Academic journal article American Journal of Law & Medicine

The Medical Marijuana Catch-22: How the Federal Monopoly on Marijuana Research Unfairly Handicaps the Rescheduling Movement

Academic journal article American Journal of Law & Medicine

The Medical Marijuana Catch-22: How the Federal Monopoly on Marijuana Research Unfairly Handicaps the Rescheduling Movement

Article excerpt

I. INTRODUCTION

As of April 2015, twenty-three states and the District of Columbia permit the therapeutic use of marijuana1 to treat various illnesses or conditions,2 with legalization statutes currently pending in eight other states.3 Despite the growing number of states that allow for the prescription and use of medicinal marijuana, the federal government still classifies the drug as a Schedule I controlled substance,4 the strictest classification of controlled substances and the only type healthcare providers may not legally prescribe.5 As states continue to deliberate the merits of allowing access to marijuana for therapeutic use, it is useful to examine the structural and political forces that have prevented a similar movement at the federal level. This Note does so, and argues that proactive changes-either legislative or administrative-are necessary to remove the handicap that the current regulatory system places on attempts to change federal marijuana policy.

Two recent federal appeals court decisions have together created an obstacle for the federal rescheduling movement-one by establishing a high standard for reclassification of a controlled substance,6 and the other by perpetuating an administrative impediment to meeting that standard.7 Americans for Safe Access v. DEA arose after a patient advocacy group petitioned the Drug Enforcement Administration (DEA) arguing that the DEA should reclassify marijuana from Schedule I to Schedule III, IV, or V under the Controlled Substances Act (CSA). The group argued that the reclassification was appropriate because of marijuana's accepted medical use in the United States.8 The D.C. Circuit ultimately upheld a DEA order denying the petition on the grounds that marijuana has no accepted medical use. The court agreed with the DEA's view that formal clinical trials, such as those the Food and Drug Administration (FDA) requires for prescription drugs, are necessary to prove that a controlled substance has an accepted medical use.9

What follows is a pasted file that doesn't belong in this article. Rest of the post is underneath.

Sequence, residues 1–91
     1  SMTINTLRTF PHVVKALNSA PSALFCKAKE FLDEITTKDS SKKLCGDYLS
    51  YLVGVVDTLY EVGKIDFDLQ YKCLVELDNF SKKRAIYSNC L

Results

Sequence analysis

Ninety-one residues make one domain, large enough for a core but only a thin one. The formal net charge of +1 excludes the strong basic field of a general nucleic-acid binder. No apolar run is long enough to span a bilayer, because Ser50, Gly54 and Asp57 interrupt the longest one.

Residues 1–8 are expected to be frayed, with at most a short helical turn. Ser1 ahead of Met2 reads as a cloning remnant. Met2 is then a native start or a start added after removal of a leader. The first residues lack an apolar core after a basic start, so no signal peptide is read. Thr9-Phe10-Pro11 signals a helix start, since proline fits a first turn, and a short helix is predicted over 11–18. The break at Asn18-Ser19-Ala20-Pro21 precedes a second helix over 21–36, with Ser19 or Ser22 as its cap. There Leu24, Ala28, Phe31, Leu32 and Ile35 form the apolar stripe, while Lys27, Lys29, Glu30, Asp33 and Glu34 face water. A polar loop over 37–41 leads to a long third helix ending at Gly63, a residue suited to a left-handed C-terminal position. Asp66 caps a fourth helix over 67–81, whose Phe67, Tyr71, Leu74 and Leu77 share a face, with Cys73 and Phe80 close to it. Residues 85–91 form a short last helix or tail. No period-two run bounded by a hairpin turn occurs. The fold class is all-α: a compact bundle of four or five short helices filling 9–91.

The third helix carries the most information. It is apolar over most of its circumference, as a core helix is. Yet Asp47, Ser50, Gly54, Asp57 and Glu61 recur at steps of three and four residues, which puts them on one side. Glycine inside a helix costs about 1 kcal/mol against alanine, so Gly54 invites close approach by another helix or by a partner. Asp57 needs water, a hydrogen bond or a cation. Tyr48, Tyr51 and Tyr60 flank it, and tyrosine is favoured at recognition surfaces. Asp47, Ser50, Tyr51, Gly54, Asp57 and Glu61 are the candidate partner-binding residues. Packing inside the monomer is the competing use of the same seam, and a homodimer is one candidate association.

The DEA standard requiring formal clinical trials that the court upheld in Americans for Safe Access effectively precludes rescheduling reform because of existing barriers to conducting marijuana research. The barriers exist at two levels: procuring research-grade marijuana and obtaining approval for studies on marijuana's potential therapeutic benefits. To conduct research on marijuana, researchers must register with the DEA and request marijuana from the National Institute on Drug Abuse (NIDA). NIDA-a federal research institute-controls the supply of researchgrade marijuana from the only federally registered marijuana manufacturer in the country, and conducts its own research on the harmful effects of marijuana and other drugs.10 There is evidence, however, that NIDA refuses to supply marijuana to research studies with otherwise adequate credentials, even studies with FDA approval.11 NIDA itself has stated that it is generally not in the business of funding or supporting research into the therapeutic benefits of marijuana or other drugs, thus revealing its own bias against medical marijuana research.12 Together, the DEA's requirement of formal research studies to show accepted medical use and the inaccessibility of research-grade marijuana have created a regulatory catch-22: researchers attempting to show a medical use are unable to conduct the necessary studies given NIDA's monopoly.

At least one attempt has been made to establish a federally registered private manufacturer to supply marijuana for research studies.13 Dr. Lyle Craker, a Plant, Soil, and Insect Sciences professor at the University of Massachusetts petitioned the DEA in 2001 with support from the Multidisciplinary Association for Psychedelic Studies (MAPS). Dr. Craker wanted to be registered as a private manufacturer of marijuana for clinical research14 pursuant to the CSA requirements for manufacturers of controlled substances in Schedule I or II.15 In Craker v. DEA, the First Circuit upheld the DEA's denial of Craker's petition, granting Chevron deference to the DEA Administrator's decision and holding that Craker "failed to demonstrate that the current supply of marijuana was not adequate and uninterrupted," as required by the CSA. …

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